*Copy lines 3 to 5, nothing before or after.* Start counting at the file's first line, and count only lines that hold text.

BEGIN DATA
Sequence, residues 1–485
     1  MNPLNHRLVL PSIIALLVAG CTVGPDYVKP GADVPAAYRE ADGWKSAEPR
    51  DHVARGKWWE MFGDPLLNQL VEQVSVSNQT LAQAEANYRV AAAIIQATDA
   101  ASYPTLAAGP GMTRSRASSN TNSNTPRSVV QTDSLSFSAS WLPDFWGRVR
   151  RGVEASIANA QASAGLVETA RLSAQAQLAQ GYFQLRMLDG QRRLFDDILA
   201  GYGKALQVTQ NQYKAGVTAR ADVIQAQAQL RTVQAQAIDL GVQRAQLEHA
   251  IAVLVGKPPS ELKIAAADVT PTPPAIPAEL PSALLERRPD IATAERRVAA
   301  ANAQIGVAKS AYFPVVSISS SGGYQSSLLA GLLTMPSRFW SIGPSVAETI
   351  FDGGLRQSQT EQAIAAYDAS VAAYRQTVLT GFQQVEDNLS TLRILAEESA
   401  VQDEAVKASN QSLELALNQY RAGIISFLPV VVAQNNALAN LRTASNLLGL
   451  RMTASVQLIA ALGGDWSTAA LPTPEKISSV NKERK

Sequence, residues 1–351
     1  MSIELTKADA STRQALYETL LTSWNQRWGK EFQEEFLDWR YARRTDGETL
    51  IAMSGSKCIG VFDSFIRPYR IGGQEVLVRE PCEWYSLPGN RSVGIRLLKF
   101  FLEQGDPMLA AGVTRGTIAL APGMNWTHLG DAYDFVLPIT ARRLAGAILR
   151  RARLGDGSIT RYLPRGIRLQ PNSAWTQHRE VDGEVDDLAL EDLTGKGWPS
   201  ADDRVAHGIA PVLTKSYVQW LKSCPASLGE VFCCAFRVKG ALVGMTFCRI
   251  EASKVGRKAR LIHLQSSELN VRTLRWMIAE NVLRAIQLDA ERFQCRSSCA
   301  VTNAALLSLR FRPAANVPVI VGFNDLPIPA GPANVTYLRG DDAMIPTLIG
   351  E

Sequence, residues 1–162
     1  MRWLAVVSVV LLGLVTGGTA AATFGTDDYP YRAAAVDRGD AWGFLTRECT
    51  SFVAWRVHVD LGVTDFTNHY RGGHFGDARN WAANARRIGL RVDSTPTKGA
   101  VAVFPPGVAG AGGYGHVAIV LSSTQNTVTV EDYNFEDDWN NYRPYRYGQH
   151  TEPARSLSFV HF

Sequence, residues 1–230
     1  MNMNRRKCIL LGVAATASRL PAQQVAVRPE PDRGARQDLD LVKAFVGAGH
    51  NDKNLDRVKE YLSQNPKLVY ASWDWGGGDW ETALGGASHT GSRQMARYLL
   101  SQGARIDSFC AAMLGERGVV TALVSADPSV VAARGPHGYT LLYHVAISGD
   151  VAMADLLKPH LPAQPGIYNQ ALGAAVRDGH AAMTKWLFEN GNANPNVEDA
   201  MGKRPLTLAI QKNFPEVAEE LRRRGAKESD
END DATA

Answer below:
    51  DHVARGKWWE MFGDPLLNQL VEQVSVSNQT LAQAEANYRV AAAIIQATDA
   101  ASYPTLAAGP GMTRSRASSN TNSNTPRSVV QTDSLSFSAS WLPDFWGRVR
   151  RGVEASIANA QASAGLVETA RLSAQAQLAQ GYFQLRMLDG QRRLFDDILA